In the history of the formation of the Yellow River delta complex, several shifts in the lower river channel and in the tributary channels have occurred over the last 6000 years. Shifts in the tributary channels caused by silting up in the river mouth because of deposition of sediment which heightened the channel floor. Headward deposition as well as the formation of superlobes was also a driver for channel shifts in the tributaries. Superlobes can either be a result of lower channel shifts through movement of the river mouth or a result of formation of several delta lobes which in turn are caused tributary channel shifts (reinforcing feedback). The shifts in the lower river channel and in the distributaries led to complicated imbrication. Moreover, changes in the coastlines, and sea water depth took place because of these river channel shifts. Lower river channel shifts were brought under artificial control by dykes, or under natural conditions by formation of large crevasses due to deposition of sediment. A large crevasse was for example formed in 1855 and in 1128 a dyke was destroyed to check the advance of the Jin army.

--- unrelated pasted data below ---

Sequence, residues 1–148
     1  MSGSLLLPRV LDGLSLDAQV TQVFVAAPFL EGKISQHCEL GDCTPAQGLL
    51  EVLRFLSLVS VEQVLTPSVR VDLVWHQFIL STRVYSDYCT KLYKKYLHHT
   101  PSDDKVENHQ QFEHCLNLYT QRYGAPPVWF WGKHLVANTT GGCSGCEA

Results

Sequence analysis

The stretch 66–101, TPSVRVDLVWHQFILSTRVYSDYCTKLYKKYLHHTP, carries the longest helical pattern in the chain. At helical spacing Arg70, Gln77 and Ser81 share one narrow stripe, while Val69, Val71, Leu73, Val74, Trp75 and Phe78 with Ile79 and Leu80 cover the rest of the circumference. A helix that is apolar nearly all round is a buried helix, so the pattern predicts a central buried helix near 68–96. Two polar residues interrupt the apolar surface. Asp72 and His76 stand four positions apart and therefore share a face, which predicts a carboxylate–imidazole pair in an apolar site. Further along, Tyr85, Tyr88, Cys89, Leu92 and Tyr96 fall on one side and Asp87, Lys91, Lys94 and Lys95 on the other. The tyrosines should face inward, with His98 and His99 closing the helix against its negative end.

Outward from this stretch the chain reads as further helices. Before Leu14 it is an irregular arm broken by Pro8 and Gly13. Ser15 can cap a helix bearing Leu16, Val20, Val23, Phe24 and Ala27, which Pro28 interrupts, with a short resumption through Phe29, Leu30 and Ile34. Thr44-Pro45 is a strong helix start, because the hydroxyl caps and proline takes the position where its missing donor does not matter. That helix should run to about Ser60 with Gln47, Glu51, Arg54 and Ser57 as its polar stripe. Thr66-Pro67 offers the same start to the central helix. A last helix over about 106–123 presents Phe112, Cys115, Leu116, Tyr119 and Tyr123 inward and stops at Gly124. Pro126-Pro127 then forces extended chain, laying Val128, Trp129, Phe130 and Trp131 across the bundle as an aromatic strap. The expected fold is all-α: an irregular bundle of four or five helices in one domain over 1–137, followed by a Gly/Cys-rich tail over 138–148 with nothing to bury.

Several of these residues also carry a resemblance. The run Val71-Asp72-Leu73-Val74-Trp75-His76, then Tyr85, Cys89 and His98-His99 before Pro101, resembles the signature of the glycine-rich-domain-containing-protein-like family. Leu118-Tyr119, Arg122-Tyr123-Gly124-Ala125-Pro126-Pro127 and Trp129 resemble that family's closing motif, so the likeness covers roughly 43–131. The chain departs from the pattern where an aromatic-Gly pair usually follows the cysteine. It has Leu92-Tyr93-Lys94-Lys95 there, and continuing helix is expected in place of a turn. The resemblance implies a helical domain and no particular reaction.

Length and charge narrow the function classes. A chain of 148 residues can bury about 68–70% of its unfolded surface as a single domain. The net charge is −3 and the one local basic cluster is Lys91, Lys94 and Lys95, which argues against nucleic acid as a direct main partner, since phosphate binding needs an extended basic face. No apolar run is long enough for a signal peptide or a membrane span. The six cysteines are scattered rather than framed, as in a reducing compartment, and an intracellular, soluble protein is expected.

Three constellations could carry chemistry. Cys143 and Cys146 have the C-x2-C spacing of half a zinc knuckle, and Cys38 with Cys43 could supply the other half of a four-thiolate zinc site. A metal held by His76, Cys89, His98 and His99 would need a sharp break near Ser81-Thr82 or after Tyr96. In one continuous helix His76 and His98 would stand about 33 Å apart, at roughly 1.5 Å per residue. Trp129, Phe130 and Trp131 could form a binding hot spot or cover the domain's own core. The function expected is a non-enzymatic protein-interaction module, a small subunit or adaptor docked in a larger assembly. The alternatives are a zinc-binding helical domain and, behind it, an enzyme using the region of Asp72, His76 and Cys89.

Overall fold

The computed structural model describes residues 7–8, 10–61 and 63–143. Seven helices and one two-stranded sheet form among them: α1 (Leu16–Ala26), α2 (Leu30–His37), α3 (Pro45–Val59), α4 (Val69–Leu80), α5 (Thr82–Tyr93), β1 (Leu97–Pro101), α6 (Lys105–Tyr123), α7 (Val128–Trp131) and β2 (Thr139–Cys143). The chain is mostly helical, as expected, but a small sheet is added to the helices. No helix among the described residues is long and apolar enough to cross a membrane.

Type of regime shift

Ecosystem type

  • Freshwater lakes & rivers

Land uses

  • Urban
  • Small-scale subsistence crop cultivation
  • Fisheries

Spatial scale of the case study

  • Local/landscape (e.g. lake, catchment, community)

Continent or Ocean

  • Asia

Region

  • Shandong Province, China

Countries

  • China, People's Republic of

Locate with Google Map